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My friend's laptop was in a car accident (he's fine!). However the laptop is very old its an Acer Aspire 1520 the CD-rom drive is broken and there is no floppy drive.

I made him a USB boot before I took a look at it and found that his BIOS cannot boot from USB. The only thing I have is a GRUB console but he is keen to just install XP (on USB) and use it just for Movies.

Is it possible using the GRUB console to get access to the USB and start the windows install? It's a tall order but I think this may be the way, or trying to install via LAN which I don't think will be achievable.

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I would try to get a USB cd/dvd drive and work on getting the computer to boot to that. –  jmreicha Oct 23 '11 at 15:34
This post shows the manual commands required - you just need to find out the drive number, which can be accomplished with GRUB's tab completion. –  new123456 Oct 23 '11 at 15:38

4 Answers 4

To elaborate on new123456's comment:

The USB device should be detected as a mass storage device and treated just like a hard drive. So, in grub, type root (hd (don't press Enter yet) and then hit tab once or twice to see what hard drives Grub can see. The USB device, if it's recognized, will probably be hd1. Don't specify a partition number; just add a closing parenthesis. So the line will be root (hd1). Then after that, type the following:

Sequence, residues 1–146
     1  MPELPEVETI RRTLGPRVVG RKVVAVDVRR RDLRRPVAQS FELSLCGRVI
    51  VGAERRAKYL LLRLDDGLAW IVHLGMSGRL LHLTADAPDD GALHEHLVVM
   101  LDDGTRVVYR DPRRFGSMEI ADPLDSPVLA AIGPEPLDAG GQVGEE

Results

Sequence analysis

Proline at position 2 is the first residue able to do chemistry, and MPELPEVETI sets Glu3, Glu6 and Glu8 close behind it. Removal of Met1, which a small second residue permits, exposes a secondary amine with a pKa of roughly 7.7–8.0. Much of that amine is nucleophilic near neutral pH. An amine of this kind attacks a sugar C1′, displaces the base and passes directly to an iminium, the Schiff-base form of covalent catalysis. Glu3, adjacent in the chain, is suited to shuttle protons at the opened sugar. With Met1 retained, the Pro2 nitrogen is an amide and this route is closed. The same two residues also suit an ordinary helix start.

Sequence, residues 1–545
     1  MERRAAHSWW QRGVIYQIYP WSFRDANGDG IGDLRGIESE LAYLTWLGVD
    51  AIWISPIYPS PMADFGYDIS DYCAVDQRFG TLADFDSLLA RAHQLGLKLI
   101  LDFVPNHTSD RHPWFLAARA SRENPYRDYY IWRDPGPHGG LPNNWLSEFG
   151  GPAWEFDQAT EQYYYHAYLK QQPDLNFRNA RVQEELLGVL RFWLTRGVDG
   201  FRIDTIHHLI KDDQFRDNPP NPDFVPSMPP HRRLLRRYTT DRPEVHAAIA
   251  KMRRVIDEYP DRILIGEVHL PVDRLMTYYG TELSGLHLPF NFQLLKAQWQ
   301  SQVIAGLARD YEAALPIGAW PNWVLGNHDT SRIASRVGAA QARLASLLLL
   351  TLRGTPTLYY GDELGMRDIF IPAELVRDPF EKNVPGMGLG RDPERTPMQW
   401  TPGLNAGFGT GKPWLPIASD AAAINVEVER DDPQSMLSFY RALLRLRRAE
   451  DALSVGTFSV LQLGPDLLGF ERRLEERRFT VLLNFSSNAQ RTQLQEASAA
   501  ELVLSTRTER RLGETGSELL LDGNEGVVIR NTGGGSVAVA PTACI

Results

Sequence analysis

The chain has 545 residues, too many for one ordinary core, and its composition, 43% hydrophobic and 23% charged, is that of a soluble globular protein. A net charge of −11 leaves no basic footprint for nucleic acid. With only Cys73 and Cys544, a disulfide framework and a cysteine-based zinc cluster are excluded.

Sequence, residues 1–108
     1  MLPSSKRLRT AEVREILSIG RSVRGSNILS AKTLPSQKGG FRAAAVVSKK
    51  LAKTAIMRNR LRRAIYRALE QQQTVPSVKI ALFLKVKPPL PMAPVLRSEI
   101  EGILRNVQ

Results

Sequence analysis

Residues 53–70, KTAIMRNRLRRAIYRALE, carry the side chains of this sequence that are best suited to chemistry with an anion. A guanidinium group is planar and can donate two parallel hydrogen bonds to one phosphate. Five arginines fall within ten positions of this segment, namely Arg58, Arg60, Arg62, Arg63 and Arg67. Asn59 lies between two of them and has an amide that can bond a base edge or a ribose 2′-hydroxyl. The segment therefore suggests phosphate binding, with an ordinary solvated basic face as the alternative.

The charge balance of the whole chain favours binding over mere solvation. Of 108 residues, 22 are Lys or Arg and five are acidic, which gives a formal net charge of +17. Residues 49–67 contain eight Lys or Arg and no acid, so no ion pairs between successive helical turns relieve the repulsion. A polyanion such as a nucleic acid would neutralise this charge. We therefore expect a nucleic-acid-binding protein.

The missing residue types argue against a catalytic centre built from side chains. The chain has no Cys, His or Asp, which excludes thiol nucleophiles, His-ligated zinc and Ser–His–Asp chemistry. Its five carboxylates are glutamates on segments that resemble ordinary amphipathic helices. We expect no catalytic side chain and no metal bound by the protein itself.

chainloader +1

If that doesn't work, change root (hd1) to root (hd1,0) and try it again.

If for some reason Grub can't see the USB drive, try plugging in a USB CDROM and booting off that.

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For grub2, it's similar, but not quite the same:

set boot=(hd1,1)
chainloader +1

As suggested by Jonathan, use Tab to probe for the correct numbers instead of (hd1,1).

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You can't boot from usb in grub if the bios doesn't allow for it itself. I once had to setup a sort of recovery partition on a hard disk containing the win7 setup disk contents, install grub, and then used that to boot the win7 setup partition to install it to the rest of the hard drive.

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The chainloader +1 thing might not work if the BIOS isn't good at booting from a USB key (which was why I was wanting to use Grub anyways).

In this case, there's some deep magic at https://help.ubuntu.com/community/Grub2/ISOBoot that works, at least for Ubuntu. The crucial bit is mucking with the grub command that identifies the vmlinuz file, passing the iso-scan/filename argument. Somehow, that helps it figure out that the entire boot filesystem is stuck in an ISO file. I don't know how the heck it works, but it does. These are (approximately) the Grub 2 commands I used:

loopback loop (fd0,msdos1)/path/to/iso/file
linux (loop)/casper/vmlinuz boot=casper iso-scan/filename=/path/to/iso/file noprompt noeject
initrd (loop)/casper/initrd.lz

The /path/to/iso/file should be the path to the ISO file on the USB key. The (fd0,msdos1) identifies the USB key. Tab-completion is super-helpful on the loopback line, and not useful for the arguments to vmlinuz.

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